Widow of Thurgood Marshall, Former NAACP Secretary Cecilia ‘Cissy’ Marshall Passes Away at 94

Supreme Court Justice Thurgood Marshall’s wife Cecilia “Cissy” Suyat Marshall died on Nov. 22 in Falls Church, Va. The former National Association for the Advancement of Colored People (NAACP) Secretary was 94. The Supreme Court released a statement about her death but did not cite a cause.

Cecilia worked alongside Thurgood when he was a lawyer at the NAACP before he became the country’s high court’s first Black justice in 1967. Prior to this, Thurgood, a civil rights lawyer, became well-known when he argued the landmark Brown v. Board of Education case that outlawed segregation in public schools. He retired from the high court in 1991 and died in 1993 at the age of 84.

Cecilia, who was of Filipino descent and the daughter of Philippine immigrants, Mrs. Marshall, was born in Hawaii on July 20, 1928. She later moved to New York City and took night classes at Columbia University to become a stenographer. In 1948, she took a job at the National Association for the Advancement of Colored People, the Philadelphia Tribune reported.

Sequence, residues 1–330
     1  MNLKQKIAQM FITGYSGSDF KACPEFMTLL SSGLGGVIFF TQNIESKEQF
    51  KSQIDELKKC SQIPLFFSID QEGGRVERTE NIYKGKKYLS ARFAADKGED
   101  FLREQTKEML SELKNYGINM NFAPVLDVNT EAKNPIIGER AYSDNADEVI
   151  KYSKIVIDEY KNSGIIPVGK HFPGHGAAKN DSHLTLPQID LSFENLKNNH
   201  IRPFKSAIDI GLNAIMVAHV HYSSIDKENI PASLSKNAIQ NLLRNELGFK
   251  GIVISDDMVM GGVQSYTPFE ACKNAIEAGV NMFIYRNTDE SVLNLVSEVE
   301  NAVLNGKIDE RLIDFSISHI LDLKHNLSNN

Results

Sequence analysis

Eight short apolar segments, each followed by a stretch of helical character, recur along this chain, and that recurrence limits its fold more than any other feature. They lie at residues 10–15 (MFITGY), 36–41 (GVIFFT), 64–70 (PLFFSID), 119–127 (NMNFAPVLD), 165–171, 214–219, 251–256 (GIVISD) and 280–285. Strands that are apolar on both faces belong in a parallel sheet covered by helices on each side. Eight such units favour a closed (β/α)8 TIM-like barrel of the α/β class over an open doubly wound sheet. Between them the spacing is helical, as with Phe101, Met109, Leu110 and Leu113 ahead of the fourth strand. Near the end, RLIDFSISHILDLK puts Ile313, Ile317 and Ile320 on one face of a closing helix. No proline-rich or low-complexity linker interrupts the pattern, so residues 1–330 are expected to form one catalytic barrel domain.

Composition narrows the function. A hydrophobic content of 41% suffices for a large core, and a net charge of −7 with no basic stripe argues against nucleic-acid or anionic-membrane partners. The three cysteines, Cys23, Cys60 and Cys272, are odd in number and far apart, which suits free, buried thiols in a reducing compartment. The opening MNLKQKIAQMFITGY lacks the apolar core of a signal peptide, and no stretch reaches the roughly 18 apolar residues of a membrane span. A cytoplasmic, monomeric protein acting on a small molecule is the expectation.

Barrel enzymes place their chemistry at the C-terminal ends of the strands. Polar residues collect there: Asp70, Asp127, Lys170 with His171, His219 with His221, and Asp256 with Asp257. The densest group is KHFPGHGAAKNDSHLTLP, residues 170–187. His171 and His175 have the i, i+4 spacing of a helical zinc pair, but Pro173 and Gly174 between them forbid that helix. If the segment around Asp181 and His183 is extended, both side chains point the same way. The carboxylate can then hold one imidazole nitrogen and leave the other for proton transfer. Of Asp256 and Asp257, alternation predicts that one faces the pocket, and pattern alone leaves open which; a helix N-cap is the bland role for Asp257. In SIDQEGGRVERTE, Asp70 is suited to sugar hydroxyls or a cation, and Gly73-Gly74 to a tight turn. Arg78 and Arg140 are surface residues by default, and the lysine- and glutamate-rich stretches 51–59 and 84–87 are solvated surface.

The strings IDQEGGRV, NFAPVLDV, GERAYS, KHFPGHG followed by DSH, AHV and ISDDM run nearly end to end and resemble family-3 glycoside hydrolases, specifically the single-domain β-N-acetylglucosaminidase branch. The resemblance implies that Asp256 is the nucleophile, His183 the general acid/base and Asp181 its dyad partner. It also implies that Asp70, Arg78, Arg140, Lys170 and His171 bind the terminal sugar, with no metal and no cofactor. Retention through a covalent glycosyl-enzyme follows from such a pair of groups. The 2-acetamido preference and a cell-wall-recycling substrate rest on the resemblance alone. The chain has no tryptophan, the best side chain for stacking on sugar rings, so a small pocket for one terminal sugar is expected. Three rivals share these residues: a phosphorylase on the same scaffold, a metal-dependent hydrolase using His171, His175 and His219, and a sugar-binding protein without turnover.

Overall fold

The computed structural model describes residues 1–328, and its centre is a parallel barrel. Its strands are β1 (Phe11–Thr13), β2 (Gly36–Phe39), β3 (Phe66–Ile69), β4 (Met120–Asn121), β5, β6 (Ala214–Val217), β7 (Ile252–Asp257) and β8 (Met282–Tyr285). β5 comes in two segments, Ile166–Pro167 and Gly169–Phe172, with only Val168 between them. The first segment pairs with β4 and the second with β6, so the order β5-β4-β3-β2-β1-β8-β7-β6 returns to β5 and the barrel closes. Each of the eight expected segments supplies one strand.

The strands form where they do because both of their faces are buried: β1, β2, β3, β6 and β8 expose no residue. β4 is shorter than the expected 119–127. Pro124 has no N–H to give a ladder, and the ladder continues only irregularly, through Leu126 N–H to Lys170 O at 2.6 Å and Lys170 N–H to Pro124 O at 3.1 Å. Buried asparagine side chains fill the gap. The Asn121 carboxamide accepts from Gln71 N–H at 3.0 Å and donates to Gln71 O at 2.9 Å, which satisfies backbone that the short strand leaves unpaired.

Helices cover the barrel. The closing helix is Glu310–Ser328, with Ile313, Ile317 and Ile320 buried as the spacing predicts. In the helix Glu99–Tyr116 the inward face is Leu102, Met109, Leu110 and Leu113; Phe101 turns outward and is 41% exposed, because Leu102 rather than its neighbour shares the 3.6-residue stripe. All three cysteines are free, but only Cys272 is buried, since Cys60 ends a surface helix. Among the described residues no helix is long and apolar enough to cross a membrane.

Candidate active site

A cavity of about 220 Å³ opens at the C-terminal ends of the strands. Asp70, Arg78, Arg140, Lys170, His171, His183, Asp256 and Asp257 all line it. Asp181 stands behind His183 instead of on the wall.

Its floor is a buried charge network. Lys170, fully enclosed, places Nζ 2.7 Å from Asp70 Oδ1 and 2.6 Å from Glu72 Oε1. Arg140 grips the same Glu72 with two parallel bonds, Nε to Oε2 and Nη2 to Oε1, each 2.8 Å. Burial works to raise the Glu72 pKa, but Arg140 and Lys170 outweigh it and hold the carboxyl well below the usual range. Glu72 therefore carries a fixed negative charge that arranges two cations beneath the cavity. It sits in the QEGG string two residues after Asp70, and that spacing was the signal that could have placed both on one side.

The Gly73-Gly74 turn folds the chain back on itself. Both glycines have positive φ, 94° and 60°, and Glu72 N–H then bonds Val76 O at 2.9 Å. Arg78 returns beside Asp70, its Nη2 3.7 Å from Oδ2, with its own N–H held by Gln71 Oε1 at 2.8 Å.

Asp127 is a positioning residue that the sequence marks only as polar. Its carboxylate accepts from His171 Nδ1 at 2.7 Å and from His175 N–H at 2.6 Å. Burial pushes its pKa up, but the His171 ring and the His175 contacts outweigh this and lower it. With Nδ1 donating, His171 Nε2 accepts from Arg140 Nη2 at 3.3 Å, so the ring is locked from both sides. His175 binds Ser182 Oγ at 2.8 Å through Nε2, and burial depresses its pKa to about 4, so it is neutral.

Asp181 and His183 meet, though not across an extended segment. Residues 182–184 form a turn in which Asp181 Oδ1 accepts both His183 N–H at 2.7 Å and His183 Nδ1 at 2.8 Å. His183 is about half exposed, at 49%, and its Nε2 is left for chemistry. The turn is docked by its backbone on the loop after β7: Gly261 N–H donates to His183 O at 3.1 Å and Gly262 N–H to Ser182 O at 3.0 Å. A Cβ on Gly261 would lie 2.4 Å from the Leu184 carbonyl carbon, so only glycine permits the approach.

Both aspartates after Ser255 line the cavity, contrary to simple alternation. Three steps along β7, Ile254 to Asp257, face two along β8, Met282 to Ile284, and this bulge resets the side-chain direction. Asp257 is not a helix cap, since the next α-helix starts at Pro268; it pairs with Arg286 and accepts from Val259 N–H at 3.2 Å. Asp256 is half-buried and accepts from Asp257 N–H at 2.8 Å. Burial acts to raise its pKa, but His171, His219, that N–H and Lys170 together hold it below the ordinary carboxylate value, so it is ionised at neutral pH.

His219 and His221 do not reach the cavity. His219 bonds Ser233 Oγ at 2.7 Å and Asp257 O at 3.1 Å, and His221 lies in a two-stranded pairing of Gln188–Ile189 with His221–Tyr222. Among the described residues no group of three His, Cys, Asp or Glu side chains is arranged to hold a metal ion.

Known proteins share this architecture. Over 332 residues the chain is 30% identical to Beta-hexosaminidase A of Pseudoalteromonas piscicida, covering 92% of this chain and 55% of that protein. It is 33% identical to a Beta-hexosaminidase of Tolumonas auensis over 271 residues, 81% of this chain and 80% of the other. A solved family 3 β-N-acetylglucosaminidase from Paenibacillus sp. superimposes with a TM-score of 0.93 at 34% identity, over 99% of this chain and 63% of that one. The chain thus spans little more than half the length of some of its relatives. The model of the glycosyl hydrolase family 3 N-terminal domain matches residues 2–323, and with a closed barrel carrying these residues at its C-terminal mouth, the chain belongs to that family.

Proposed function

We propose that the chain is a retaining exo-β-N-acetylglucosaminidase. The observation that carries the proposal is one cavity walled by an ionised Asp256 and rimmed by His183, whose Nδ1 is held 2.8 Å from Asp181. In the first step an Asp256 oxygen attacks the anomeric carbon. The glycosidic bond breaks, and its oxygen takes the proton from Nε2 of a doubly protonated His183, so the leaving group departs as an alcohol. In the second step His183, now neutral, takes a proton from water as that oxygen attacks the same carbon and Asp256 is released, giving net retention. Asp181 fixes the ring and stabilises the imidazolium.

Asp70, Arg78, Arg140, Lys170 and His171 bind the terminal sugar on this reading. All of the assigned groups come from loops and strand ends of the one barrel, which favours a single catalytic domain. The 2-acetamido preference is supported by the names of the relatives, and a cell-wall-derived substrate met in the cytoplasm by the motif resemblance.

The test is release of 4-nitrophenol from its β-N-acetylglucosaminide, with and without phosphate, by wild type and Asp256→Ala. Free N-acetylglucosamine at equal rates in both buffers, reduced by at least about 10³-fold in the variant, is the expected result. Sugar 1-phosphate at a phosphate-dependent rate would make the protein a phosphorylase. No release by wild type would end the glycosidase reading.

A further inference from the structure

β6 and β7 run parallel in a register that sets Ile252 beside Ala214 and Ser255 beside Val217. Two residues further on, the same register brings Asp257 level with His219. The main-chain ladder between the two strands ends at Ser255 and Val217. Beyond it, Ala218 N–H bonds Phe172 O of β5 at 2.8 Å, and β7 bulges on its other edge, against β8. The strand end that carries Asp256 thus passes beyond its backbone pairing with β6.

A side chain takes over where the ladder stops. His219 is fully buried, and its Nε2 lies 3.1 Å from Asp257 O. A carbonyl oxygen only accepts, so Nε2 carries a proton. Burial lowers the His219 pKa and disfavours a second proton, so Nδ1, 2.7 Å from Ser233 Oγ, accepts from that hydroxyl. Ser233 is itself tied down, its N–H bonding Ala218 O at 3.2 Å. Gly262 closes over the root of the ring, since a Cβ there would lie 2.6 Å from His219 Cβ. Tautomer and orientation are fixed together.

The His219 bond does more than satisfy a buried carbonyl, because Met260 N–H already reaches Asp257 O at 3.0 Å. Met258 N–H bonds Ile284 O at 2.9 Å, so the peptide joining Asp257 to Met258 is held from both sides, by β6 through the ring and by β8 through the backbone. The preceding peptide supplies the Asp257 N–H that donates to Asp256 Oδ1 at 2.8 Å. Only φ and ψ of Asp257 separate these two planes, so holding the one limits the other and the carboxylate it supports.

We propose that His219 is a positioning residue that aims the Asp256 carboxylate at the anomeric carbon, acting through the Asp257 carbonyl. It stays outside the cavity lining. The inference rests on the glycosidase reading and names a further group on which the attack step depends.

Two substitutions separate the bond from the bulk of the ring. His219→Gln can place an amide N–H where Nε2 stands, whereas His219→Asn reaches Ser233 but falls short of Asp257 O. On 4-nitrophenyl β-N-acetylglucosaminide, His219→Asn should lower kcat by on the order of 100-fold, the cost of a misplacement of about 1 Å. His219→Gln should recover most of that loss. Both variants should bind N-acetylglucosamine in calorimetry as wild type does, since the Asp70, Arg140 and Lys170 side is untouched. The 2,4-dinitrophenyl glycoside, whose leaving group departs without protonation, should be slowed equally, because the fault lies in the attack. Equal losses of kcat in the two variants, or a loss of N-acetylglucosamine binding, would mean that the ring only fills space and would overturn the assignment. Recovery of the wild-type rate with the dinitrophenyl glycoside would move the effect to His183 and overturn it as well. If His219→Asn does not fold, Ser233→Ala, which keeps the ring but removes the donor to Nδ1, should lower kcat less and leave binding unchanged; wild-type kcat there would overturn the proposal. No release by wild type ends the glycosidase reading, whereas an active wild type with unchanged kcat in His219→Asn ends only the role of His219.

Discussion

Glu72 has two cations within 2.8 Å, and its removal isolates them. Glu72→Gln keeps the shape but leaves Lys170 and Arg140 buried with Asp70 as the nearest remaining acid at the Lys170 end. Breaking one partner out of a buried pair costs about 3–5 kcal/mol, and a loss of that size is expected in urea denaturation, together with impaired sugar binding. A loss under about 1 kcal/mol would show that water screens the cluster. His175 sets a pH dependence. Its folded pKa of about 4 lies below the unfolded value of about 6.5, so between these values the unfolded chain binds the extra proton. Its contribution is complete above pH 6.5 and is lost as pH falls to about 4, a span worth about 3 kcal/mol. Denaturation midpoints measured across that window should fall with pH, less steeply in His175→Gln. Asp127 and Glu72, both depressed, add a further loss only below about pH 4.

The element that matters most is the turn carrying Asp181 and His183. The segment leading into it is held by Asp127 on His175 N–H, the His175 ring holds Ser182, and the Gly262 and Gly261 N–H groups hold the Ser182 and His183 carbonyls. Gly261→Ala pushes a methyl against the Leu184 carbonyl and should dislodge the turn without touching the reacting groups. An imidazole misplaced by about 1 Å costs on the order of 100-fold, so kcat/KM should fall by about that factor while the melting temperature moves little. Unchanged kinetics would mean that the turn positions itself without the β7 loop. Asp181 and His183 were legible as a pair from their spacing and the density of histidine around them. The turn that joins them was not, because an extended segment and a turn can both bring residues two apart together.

A clerk at an employment office “saw my dark skin, and she sent me to the national office of the NAACP,” she told The Washington Post years later.

She worked on school desegregation cases for the NAACP Legal Defense and Educational Fund, typing briefs and taking notes as lawyers rehearsed oral arguments, The Washington Post. She worked with Thurgood on various cases.

Thurgood’s first wife, Vivien Burey, died of lung cancer in 1955. He and Cecilia married later that year on Dec. 17, 1955, at an Episcopal church in Harlem, where Roy Wilkins, then executive secretary of the NAACP, gave Cecilia away. Cecilia left the NAACP after they wed. They had two sons, Thurgood Jr. and John.

Supreme Court Associate Justice Thurgood Marshall, right, stands with his family as they watch him take his seat at the court for the first time, Oct. 2, 1967. From left are Marshall’s son Thurgood, Jr., 11, wife Cecilia Suyat, and son John, 9. Marshall joined the Supreme Court in 1967 as the court’s first Black justice. (AP Photo/Henry Griffin, File)

Related Articles

Leave a Reply

Your email address will not be published. Required fields are marked *

Back to top button